Tortilla – we can say it is the Spanish omelet. This omelet with potatoes, eggs, and onions is served cold. They say it is even tastier when served chilled. You can eat tortillas both for breakfast and for other meal times.
Empanada is a dish belonging to the Galicia region, having meat, fish, apples, currants, and other types. Usually, they are served before the main meals at the restaurants.
Gazpacho – This dish, which is a cold soup of Spanish cuisine, is more prevalent in Andalusia. There are two types of Gazpacho. One is red Gazpacho, which consists of tomatoes, onions, red peppers, cucumbers, garlic, olive oil, fried bread, salt, and vinegar. The other is a white gazpacho called Ajo Blanco. The white Gazpacho is made with fried bread, garlic, olive oil, crushed almonds, and vinegar. Both are prepared without cooking, crushed with a blender. There are served in two ways, either in the bowl or in the cup. When ordering, the waiter may ask how would you like it to be served. It is up to you. There is also a Salmorejo soup, which is served cold same as Gazpacho. The only difference from the Gazpacho is the chopped eggs or hams, which are added while serving. Salmorejo belongs to the Cordoba region.
Fabada – While seafood is the main ingredient in the southern regions of Spain, the central part mainly uses vegetables and various kinds of meat in the meal. In the north, lamb and beans are more commonly used. The Fabada meal belongs to the Asturias region, located in a mountainous area in the north of the country. The main ingredient of the fabada is white beans and meat and cooked in individual clay pots. It is like Turkish Kuru fasulye, but the difference is that Spaniards add the sausages made of pork blood called morcilla.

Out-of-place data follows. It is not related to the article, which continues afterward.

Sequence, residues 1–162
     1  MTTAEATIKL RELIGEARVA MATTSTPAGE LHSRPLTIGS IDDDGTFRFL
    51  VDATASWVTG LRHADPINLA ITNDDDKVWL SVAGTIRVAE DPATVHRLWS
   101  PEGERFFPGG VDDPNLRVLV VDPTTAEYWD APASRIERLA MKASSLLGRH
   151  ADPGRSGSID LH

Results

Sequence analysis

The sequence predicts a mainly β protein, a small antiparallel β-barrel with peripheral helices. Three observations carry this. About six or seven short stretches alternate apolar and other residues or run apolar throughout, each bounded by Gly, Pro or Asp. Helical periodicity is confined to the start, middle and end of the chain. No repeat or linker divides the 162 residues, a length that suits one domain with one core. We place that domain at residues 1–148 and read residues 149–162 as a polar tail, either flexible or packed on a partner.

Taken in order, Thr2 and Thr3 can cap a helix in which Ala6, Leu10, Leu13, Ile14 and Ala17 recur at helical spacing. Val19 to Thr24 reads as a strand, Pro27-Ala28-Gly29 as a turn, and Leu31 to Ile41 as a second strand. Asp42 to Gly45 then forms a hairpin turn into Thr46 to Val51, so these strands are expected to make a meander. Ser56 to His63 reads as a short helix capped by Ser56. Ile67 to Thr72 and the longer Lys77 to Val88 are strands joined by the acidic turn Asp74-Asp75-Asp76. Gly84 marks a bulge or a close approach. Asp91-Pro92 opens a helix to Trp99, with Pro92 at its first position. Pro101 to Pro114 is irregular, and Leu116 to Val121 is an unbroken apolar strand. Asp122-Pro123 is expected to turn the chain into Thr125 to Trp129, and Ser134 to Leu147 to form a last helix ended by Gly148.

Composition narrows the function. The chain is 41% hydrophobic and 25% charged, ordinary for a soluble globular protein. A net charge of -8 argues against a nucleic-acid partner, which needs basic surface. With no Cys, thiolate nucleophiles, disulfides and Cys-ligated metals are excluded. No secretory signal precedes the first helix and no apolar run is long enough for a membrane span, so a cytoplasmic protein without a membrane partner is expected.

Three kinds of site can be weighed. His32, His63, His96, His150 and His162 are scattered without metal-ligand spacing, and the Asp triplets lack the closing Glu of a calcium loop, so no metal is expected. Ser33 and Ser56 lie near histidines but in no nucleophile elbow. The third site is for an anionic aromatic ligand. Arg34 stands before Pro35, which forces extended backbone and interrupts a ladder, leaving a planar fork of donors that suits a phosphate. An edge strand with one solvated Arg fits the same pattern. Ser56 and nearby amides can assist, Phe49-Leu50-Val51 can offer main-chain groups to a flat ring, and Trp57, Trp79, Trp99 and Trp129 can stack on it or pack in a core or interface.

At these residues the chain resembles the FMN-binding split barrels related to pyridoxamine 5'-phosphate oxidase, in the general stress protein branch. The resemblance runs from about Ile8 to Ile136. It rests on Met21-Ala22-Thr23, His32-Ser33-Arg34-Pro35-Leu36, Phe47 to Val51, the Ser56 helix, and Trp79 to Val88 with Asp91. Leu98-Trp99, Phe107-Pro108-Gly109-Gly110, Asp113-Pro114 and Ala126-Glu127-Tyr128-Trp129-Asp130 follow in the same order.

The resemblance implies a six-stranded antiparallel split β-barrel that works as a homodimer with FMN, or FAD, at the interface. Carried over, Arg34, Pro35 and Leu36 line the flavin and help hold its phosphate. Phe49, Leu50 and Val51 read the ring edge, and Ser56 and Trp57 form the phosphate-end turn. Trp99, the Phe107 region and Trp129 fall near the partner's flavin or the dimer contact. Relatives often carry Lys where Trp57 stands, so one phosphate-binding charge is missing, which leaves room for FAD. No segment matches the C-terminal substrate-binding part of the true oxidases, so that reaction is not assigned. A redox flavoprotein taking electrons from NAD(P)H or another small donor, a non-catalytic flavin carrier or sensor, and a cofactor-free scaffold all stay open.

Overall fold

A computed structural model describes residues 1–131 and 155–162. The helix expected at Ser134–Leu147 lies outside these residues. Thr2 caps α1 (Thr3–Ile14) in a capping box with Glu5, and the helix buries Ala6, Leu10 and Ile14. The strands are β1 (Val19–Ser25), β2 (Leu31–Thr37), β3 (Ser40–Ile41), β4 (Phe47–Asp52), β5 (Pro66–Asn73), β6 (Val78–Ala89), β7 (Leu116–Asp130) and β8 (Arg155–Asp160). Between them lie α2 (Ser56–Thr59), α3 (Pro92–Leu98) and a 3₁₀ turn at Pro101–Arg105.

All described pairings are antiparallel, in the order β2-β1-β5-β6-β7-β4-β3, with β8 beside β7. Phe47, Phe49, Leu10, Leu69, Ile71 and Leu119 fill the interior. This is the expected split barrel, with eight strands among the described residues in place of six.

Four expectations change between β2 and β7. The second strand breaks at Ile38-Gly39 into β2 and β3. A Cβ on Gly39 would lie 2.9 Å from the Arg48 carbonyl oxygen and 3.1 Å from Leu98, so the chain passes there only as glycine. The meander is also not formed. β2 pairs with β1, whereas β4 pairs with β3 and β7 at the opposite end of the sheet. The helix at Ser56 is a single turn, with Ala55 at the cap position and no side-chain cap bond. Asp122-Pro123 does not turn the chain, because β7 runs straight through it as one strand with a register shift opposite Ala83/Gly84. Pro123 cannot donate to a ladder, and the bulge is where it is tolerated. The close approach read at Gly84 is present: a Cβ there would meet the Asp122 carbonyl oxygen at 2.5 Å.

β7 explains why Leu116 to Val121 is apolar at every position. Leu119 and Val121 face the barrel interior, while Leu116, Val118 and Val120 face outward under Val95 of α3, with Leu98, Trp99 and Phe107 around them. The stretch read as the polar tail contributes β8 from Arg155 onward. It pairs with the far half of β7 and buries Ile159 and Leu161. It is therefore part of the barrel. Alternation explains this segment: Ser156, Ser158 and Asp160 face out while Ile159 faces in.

Mar I Muntanya – (sea and mountain) is a Catalan type of cuisine that combines ingredients from the mountains with typical ingredients from the sea. That is, there are chicken and lobster in the Mar I Muntanya meal.
Churro – If you know thinking that I have told only about the rich Spanish meals and forgot about their sweets, then let me talk about Churro. The ingredients of the churros and the cooking procedures are almost similar to “ladies finger.” It is dough fried in butter. Nevertheless, it is not made by hand; it is being made by long cutting of dough in specific machines preparing churros. It is served with sugar powder, or cinnamon poured over and eaten by dipping into the hot chocolate. The home of Churro is Madrid. So if you are headed to the capital of the country, do not come back without trying the Churro.
Turron – Spanish halva. The full name is Turron de Alicante. Turron is an almond nougat that we know. You can buy this Valencia-based sweet as a gift if you do not want to go home with empty hands after your Spanish trip.
Crema Catalana – This Catalan sweet is made from milk, cornstarch, and eggs. After baking in the stove, sugar is poured over it and caramelized. Another name is Crema de San José since it is traditionally cooked on March 19 on Saint Joseph’s day.
Sangria – When talking of Spain, one of the first things that come to mind is, of course, sangria. The sangria, the alcoholic beverage that the Spaniards drink, is made up of red wine, brandy, sugar, sprite, ice, and slices of fruit. When you visit Spain, remember to say, “Arriba, Abajo, al Centro, pa’ Dentro!”(Up, down, middle, inside) when raising your glass of sangria. It is a well-known toast that the Spaniards say while giving a salute.